Ireland still has 'comfortably' the fastest-growing economy in Europe

However, exports were hurt last year by Brexit-inspired headwinds.

By Conor McMahon Deputy editor, Fora

IRELAND’S ECONOMY PERFORMED better than expected last year – and things are looking up in 2017 forecasts.

Preliminary figures from the CSO showed that the country’s gross domestic product (GDP) grew by 5.2% in 2016, slightly ahead of analysts’ forecasts.

While down on the now-infamous ‘leprechaun economics’ growth figure of 26% for 2015 – a tally dramatically skewed by the activities of multinationals in Ireland – the numbers for last year indicate a strong domestic market.

However, exports lagged behind other indicators. The output from the sector grew a relatively weak 2.4% last year – the joint-lowest figure since 2008 - in the face of numerous Brexit-related headwinds.

That said, Davy chief economist Conall Mac Coille said the better-than-expected GDP figures coupled with a slight drop in the unemployment rate last month have prompted a revision of the stockbrokers’ economic outlook for 2017.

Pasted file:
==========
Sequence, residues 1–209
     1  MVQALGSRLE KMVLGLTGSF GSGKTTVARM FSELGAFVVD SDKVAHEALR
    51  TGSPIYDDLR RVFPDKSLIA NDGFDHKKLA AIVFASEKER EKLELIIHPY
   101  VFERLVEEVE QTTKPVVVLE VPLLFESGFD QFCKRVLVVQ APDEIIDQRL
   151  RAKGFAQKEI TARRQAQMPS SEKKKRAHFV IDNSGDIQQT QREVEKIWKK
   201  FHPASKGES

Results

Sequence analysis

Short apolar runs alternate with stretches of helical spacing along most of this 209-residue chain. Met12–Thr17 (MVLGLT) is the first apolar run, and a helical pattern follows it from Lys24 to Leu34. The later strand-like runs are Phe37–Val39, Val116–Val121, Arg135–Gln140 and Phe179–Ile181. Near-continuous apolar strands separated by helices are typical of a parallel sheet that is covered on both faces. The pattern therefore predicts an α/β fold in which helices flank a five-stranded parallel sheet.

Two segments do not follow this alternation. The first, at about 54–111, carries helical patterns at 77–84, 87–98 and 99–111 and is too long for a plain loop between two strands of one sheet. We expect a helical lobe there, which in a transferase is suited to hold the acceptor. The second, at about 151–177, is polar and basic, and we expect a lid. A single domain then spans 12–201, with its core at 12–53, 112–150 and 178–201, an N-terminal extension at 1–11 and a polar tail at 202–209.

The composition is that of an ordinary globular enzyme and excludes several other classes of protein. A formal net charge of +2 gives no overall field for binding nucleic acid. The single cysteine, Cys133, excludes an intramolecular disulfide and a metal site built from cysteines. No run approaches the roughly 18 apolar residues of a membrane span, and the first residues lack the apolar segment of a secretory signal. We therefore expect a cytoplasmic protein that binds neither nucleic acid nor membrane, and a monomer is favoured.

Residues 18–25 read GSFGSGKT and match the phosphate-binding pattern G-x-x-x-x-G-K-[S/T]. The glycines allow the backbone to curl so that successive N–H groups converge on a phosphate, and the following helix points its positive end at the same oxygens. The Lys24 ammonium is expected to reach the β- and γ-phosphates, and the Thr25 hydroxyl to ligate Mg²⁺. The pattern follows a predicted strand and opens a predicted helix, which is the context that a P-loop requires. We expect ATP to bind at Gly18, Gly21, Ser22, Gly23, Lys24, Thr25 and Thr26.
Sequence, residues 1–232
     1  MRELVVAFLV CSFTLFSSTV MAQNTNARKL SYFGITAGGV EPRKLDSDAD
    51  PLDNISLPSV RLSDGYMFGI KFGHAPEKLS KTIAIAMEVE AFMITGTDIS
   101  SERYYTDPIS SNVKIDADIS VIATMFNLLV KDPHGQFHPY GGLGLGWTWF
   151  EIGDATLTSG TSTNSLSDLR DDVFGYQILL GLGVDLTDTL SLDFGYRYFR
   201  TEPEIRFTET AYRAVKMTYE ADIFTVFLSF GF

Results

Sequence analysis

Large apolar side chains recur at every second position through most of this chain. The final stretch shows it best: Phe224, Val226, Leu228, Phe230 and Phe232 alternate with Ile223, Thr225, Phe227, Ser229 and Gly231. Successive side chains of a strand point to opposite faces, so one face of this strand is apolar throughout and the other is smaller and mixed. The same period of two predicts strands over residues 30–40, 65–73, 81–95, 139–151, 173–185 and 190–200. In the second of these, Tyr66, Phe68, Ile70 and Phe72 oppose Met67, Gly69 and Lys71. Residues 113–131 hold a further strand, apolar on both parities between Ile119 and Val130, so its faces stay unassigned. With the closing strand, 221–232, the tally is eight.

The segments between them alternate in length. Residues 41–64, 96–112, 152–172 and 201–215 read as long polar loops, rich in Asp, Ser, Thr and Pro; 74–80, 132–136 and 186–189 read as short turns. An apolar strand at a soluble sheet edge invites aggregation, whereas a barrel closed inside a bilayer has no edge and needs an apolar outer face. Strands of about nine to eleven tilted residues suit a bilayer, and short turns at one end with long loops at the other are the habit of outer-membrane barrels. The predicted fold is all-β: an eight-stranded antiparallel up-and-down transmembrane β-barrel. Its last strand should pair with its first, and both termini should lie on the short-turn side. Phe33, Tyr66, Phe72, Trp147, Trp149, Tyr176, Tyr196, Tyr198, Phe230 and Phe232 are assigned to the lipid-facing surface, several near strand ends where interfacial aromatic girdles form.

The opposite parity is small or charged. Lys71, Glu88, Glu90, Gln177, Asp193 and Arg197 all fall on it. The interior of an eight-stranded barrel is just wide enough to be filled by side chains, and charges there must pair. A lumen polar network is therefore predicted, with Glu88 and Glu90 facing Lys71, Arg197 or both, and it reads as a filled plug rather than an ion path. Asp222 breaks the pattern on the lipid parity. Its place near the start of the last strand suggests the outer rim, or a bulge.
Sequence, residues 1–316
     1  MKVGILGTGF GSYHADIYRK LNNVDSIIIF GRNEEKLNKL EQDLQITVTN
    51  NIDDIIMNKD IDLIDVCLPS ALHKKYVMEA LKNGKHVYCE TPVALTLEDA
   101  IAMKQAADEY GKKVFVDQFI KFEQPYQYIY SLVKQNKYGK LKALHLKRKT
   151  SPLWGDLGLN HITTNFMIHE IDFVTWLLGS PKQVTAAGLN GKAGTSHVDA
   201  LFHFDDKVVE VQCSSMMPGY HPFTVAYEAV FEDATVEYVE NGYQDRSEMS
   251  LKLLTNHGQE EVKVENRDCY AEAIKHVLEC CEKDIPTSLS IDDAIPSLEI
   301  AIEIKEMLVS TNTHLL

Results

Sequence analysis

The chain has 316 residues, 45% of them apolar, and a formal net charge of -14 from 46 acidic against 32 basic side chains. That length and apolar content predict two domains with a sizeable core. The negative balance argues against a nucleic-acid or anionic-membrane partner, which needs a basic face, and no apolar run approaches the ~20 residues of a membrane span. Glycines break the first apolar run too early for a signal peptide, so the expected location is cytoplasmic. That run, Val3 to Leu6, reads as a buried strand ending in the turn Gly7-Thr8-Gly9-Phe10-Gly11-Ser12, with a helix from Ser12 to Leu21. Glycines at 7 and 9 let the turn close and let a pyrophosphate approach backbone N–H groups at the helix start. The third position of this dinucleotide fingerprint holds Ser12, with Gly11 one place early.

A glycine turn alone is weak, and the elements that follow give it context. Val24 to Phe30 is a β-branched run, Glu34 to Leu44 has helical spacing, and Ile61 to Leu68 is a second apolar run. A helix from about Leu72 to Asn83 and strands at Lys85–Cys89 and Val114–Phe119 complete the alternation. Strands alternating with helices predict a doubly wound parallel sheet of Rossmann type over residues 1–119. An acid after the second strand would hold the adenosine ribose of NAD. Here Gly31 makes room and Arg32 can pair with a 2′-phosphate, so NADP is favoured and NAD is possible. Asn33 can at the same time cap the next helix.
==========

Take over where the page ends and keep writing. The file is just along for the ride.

“We expect to revise up our Irish GDP forecast for 2017 from the current 3.7% to above 4%,” Mac Coille wrote in a briefing note.

“The big picture is that Ireland is still comfortably the fastest-growing economy in Europe.”

Davy attributed the export slowdown to “sterling’s weakness, poor UK orders in the wake of the Brexit referendum and weak trends in global manufacturing”.

‘Statistical issues’

While noting that Ireland’s GDP growth was the EU’s best for the third year in a row, KBC analysts warned the numbers remained ”somewhat flattered by multinational activities”.

However, even allowing for such “statistical issues” that might obscure the figures, the bank’s economists also predicted Ireland’s GDP would be up 4% in 2017.

Ibec chief Danny McCoy said that “today’s figures show that the Irish economy continues to be a European success story”.

“They underline the fact that the Irish business model has remained resilient,” he said.

McCoy said the impact of external threats like Brexit were evident in the slowdown in export growth, but added that Ireland is “facing those threats from a position of economic and fiscal strength”.